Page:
I’m working with a lot of SMEs at the moment because of the Covid-19 situation. They are trying to get back on track or in some cases, completely change the track. One of the items that comes up again and again is case studies. Case studies are the most important but often least used marketing asset. What can be a better way to convince customers that you are the right company for them than by telling them their peers and competitors have used your services?
Related post How to write a company overview brochure
So now that you have decided to write a one (hopefully more than one – you can’t have too many in my book), do you know what to include in a case study?
The most important thing about any case study is the customer name and logo. The content doesn’t need to be long. In fact one page is enough. If you can’t say how brilliant you are in a few paragraphs, then that’s an entirely different problem. (You might need to have a look at my Customer Value Proposition and Unique Selling Proposition posts!)
Here are the key elements to include in a case study:
- Customer logo
- Customer challenges (brief summary of the problem you solved)
- Why they chose you (use your key messages and your CVP)
- Results – where they are now, what you helped them achieve. Use stats here if possible eg. Turnover grew by 15%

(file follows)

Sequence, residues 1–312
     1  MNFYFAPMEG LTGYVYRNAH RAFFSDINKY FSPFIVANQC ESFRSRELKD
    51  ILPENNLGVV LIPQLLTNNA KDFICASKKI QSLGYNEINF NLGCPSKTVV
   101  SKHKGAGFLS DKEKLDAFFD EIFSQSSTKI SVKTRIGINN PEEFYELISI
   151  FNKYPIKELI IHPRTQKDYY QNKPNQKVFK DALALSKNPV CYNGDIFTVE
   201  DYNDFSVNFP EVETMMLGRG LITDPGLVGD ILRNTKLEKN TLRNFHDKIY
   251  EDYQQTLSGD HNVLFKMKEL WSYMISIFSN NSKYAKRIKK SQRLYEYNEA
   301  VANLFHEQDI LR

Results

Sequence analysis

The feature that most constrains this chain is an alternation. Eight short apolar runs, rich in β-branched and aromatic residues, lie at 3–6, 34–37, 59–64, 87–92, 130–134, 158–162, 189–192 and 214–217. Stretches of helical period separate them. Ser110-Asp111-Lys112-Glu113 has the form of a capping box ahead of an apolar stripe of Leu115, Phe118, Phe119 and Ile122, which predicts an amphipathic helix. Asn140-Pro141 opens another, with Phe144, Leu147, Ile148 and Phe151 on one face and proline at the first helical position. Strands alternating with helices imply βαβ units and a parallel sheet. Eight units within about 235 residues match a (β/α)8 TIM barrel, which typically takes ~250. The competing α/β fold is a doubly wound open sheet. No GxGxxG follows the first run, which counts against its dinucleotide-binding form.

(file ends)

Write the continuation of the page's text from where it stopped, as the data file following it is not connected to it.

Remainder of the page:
- Customer quote: This should be about YOU, but said by them: How great you are, how you helped them, together with their name and job title
- Customer related image if possible -could be you and your customer together. If that’s not possible, then grab something from their website
- Your logo
In terms of layout, it needs to be easy to speed read (because the logo is the most important thing here) and you should mix short paragraphs with bullet points.
The other important thing to remember about case studies, is that you don’t need to interview the customer to do them. Do get their permission first, because there’s no point in writing it, if they won’t approve it.
But you should be able to write the content without needing customer input (except possibly for stats). They may not be willing to participate if it takes them away from normal business. Providing them with the finished article means that all they have to do is edit or approve, making the best use of their time.